Sponsored by Nowait
Even the least knowledgeable consumer understands the value of a restaurant reservation if they want to control their dining experience. However, for restaurants the value is less clear as you analyze the complications and complexity that reservations deliver.
We’ve all been there – an empty table while other guests are waiting for theirs. It’s the ugliest issue in the management of a reservations program. Yes, program! If you take reservations, you are implementing a complicated set of processes that cost both time and money.
The No Show is the worst of those costs because it damages your bottom line and your reputation. Guests that are waiting for tables may have their own reservation delayed due to that empty table or they just see a spot and feel frustration that it isn’t seated.
We thought we’d identify a few other reasons that might make you rethink how you manage seating your tables.
Reservation policies cause guest confrontations
Empty tables can infuriate waiting guests in your foyer. Add to that the various prohibitions we include in any of our reservations calls -- please be here before your reservation time, we will need a credit card to hold your table, etc. Any of these can flair up the most patient of guests. There is no upside in holding the guest accountable, and we only make other waiting guests frustrated.
Slower table turns/increased dwell times
This is the metric that quantifies the cost of waiting on a reservation. Restaurants that use call ahead seating or other seating management tools see lower turn times and less frustrated guests.
When you seat who is there and ready, you greatly reduce the time it takes to reseat a turned table. With reservations you have an appointed time. Unless guests are there exactly before their time the table will stand empty for some time after their reservation.
We’ve all seen what a couple of tardy reservations can do to the flow of an entire shift. This is why high volume, casual dining abandoned them a long time ago. Dwell times matter and maximizing every minute of your highest volume period matters to long term success.
Admin nightmare that requires expensive management software
Let’s not kid ourselves. When you open the door to a reservation service, you are immediately adding labor. Everybody thinks, “Oh, our managers have time to take care of this.” They are wrong.
This is especially true if you do well with reservations. The more ressies you accept, the more labor it costs to accept, schedule, follow-up and seat guests. A successful program might even require a third party service.
In the end, unless you are a famous chef like Thomas Keller, your restaurant doesn’t require exact numbers of attendees to function. Train your hosts and fill your foyer or bar with guests patient enough to wait for your food.
It creates two classes of guest
This is subtle thing, but very real. Guests with a reservation arrive when they are ready based on their reservation and aren’t required (we hope) to wait. Guests without them just see other guests arrive and go straight to a table. That clear separation of guest experience has caused more than its fair share of confrontation at a host stand. By not taking reservations, you democratize the wait.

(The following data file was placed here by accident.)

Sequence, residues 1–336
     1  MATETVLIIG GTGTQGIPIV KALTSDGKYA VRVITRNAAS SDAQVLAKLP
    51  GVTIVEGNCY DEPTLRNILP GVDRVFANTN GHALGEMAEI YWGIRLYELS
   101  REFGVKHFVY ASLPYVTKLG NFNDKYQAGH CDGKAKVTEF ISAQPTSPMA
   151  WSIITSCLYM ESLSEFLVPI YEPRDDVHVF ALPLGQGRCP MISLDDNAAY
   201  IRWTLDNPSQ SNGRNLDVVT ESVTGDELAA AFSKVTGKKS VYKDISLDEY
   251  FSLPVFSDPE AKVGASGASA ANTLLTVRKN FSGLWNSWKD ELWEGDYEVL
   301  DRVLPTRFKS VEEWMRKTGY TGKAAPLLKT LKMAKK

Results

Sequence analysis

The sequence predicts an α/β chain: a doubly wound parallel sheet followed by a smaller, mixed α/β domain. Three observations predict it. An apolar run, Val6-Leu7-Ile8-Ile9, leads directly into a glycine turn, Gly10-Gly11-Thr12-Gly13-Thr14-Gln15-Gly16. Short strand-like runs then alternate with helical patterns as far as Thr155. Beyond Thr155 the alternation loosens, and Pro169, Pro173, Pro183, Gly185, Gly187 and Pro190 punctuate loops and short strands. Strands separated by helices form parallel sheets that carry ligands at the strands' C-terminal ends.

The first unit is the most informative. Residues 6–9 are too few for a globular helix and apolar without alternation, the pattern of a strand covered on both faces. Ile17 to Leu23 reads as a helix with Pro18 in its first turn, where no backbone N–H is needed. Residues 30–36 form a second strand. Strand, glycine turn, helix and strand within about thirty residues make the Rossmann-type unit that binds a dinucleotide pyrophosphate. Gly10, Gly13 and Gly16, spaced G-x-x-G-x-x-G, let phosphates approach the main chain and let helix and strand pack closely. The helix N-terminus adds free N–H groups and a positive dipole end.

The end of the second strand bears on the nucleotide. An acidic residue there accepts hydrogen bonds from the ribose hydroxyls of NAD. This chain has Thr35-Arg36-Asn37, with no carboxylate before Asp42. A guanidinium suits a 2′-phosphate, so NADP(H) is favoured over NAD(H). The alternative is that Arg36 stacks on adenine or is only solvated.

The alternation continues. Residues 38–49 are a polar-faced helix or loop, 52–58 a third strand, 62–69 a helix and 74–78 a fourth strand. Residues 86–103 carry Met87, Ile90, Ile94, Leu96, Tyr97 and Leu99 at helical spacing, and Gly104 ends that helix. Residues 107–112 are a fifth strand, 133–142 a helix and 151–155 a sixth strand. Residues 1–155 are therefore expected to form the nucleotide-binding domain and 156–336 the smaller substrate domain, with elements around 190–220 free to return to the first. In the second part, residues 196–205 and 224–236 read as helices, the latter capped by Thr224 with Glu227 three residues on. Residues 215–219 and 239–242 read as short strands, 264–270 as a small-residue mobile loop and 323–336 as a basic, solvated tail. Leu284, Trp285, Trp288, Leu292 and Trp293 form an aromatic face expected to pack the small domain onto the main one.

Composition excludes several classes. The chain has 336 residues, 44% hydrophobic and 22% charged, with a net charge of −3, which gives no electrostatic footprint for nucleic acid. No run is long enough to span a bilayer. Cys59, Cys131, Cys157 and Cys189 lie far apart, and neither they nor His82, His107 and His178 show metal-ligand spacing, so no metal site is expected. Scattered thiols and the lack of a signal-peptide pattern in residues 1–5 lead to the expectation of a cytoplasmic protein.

Creates a temptation to overbook
Ask any owner if he has ever overbooked his room and you will get firm denials -- which is perfect proof that it happens. Especially, if you have a No Show issue in your area.
It’s no secret that people make reservations at multiple places and then choose where they want to go. It’s absolutely horrible, but also completely understandable why a guest would do it. So it’s really self-defense if an operator overbooks. The problem, of course, is the consequences. There is NOTHING worse than a guest who has a reservation waiting for their table. Alas, that’s the outcome of overbooking. Who wants that stress?
We live in an on-demand world
This is a new reality for our industry. A ton of services are provided on demand through mobile and other device activations, but people will always just show up at our restaurants… right?
Not anymore. With the rise of mobile on-demand services like food delivery, local search and mobile ordering, your guests are increasingly expecting to interact with you via their smartphones.
When it comes to the post-reservation world, this is a major plus. Prior to on-demand services, guests had to appear at your host stand or maybe call ahead. Now they can access your wait list via their smartphone, get real-time updates, and communicate directly with the host. Services like those from Nowait make sure that guests that are present are seated first and ensure that your dwell times are minimized.
And the best part? Your guests want services like Nowait. More than 80% of restaurant guests have said they prefer the experience of on-demand dining to making a reservation.
Its not that your guests necessarily want to plan ahead. They just don't want to wait for tables. And who can blame them?